Creekstone Press

Northern BC's publisher


Review of Canyon Creek: A Script

I wasn’t going to review Canyon Creek; a script, the fine combination of Sheila Peters’ writing and Megan Hobson’s illustration. I’m not well enough informed about land claims and valley history to evaluate this book, I reasoned. My taste in art and illustration is strictly gut reaction. Could I offer informed comment?

But this is a beautiful book about issues that reach beyond their Bulkley Valley settings. I enjoyed it so much I wanted to talk about it.

But this book eludes lazy, easy definitions; makes reviewing challenging; forces one to reach beyond standard, initial labels. It’s not conventional history. It’s also neither essay nor fiction.

This is the story of the eviction of some Wet’suwet’en people from their homes along Canyon Creek.

Peters calls her version a script. The format allows evocative, thought-provoking narration of events which shattered lives.

Narration gained from personal aboriginal accounts, testimony and accounts of missionaries, surveyors and white settlers is dovetailed with musing commentary.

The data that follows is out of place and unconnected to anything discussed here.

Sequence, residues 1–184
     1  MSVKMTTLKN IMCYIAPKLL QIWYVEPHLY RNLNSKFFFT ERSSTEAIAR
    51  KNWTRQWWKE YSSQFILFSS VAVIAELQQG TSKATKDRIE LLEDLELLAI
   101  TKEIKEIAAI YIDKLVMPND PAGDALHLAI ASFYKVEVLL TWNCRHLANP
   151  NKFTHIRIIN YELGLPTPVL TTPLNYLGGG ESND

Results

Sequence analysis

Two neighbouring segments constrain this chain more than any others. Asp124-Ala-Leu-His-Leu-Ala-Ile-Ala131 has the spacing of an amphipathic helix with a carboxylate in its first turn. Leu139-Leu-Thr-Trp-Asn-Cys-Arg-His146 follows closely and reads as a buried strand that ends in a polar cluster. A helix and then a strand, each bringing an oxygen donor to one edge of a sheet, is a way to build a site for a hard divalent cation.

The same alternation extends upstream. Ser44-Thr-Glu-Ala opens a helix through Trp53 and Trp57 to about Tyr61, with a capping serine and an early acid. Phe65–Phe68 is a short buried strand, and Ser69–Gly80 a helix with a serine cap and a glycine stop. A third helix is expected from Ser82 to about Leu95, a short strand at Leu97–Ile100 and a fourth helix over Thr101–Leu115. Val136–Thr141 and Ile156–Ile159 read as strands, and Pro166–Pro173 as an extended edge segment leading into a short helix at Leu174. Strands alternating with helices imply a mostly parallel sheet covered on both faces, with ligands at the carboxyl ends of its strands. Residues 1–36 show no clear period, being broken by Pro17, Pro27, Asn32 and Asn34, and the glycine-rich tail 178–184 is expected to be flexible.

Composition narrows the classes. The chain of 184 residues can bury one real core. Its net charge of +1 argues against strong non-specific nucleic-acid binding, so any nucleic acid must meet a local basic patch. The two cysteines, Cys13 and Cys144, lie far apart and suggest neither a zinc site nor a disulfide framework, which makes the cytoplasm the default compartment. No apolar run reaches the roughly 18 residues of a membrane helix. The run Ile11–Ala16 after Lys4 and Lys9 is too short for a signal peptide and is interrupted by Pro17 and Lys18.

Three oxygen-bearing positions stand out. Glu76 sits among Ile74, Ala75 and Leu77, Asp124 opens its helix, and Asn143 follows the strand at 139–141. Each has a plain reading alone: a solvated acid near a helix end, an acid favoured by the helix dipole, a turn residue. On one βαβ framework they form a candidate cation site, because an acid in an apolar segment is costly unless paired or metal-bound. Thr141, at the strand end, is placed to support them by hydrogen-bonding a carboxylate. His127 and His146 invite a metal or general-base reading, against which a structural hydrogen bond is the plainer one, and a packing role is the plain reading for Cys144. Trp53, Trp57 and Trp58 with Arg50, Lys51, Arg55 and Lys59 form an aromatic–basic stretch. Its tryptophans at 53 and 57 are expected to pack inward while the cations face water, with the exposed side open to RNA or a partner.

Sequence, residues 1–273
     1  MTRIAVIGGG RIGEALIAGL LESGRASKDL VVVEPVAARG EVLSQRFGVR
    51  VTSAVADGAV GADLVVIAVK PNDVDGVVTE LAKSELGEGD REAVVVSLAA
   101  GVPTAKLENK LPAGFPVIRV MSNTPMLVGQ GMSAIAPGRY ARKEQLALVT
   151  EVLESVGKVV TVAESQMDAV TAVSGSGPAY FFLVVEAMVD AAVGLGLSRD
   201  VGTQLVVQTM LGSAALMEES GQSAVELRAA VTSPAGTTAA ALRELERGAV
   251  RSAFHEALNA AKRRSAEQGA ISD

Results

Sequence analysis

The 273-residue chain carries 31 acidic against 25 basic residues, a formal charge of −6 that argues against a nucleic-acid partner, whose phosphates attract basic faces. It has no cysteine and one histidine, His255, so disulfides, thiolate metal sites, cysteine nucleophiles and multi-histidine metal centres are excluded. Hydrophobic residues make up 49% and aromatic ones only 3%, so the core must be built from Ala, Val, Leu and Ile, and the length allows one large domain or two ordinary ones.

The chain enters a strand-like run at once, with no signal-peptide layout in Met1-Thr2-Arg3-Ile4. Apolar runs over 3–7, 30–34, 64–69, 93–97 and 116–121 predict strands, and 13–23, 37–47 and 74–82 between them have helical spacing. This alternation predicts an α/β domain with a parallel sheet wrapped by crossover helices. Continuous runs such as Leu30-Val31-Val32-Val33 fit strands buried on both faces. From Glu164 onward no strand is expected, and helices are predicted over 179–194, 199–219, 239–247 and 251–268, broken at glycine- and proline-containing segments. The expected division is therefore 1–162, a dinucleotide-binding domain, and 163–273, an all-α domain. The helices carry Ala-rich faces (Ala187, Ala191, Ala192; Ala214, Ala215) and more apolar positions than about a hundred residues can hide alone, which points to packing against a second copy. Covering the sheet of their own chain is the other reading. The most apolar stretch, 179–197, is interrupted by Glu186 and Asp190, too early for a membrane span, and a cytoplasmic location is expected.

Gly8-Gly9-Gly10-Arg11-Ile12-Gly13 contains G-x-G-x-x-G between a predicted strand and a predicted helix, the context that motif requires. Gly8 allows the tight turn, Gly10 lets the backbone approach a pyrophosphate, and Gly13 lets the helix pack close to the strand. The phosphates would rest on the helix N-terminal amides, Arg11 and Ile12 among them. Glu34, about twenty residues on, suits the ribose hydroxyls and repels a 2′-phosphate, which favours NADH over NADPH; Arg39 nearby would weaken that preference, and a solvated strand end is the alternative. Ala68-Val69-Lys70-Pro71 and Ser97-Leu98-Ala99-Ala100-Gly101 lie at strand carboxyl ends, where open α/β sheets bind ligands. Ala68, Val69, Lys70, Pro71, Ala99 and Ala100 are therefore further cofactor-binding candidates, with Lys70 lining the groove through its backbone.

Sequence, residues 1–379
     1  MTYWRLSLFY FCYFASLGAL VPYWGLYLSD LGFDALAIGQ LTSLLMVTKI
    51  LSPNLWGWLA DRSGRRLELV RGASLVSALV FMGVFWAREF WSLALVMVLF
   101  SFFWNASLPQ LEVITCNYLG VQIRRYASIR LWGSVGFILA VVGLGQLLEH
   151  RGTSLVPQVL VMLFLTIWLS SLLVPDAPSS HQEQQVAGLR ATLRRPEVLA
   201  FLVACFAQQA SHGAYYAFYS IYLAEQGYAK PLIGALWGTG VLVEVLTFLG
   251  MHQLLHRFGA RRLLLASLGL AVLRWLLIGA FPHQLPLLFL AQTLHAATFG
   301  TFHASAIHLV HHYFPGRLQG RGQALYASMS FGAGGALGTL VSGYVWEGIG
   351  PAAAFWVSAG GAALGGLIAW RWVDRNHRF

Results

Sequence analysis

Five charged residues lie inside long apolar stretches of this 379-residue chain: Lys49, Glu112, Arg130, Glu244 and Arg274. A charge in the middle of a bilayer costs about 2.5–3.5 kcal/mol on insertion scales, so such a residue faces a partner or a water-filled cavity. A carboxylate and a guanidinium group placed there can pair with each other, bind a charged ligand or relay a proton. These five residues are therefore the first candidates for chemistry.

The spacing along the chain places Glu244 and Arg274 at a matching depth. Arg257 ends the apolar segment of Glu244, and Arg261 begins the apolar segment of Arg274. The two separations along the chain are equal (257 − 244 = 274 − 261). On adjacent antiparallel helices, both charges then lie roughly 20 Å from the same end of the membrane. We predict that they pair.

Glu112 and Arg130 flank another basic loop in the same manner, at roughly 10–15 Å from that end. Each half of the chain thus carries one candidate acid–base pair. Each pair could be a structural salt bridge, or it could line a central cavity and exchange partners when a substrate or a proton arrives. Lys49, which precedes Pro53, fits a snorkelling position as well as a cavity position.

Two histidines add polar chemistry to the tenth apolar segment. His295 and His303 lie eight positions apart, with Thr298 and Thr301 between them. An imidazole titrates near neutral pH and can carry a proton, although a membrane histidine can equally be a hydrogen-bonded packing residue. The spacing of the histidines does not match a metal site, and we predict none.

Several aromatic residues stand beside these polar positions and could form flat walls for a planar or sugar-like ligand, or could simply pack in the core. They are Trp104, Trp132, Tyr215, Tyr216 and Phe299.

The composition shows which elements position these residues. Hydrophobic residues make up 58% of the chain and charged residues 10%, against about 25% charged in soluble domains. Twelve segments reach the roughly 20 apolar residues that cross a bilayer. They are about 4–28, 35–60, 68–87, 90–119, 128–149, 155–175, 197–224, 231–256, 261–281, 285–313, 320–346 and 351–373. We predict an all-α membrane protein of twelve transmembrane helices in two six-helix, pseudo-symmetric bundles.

Peters’ images in words complement the images Hobson has created with archival photographs.

The script format allows delightful roaming though time and place, gives Peters a vantage point from which to explore and comment on these human and cultural tragedies.

It also serves as a challenge to our preconceptions of history. The history student in me repeatedly lowered my gaze in search of footnotes, instinctively sought captions despite assurance that the images were used for evocative visual qualities only.

The format puts the issues in broader context too, that of our views of aboriginal people, of the western movie and novel, of images of pioneers.

Canyon Creek: a script is also very much a personal story by an author living near Canyon Creek with a sense of the history of her yard and the urge to comment on it. This book will be seized upon for causes, but it should be read most of all for its ability to prompt thoughtful examination of our past.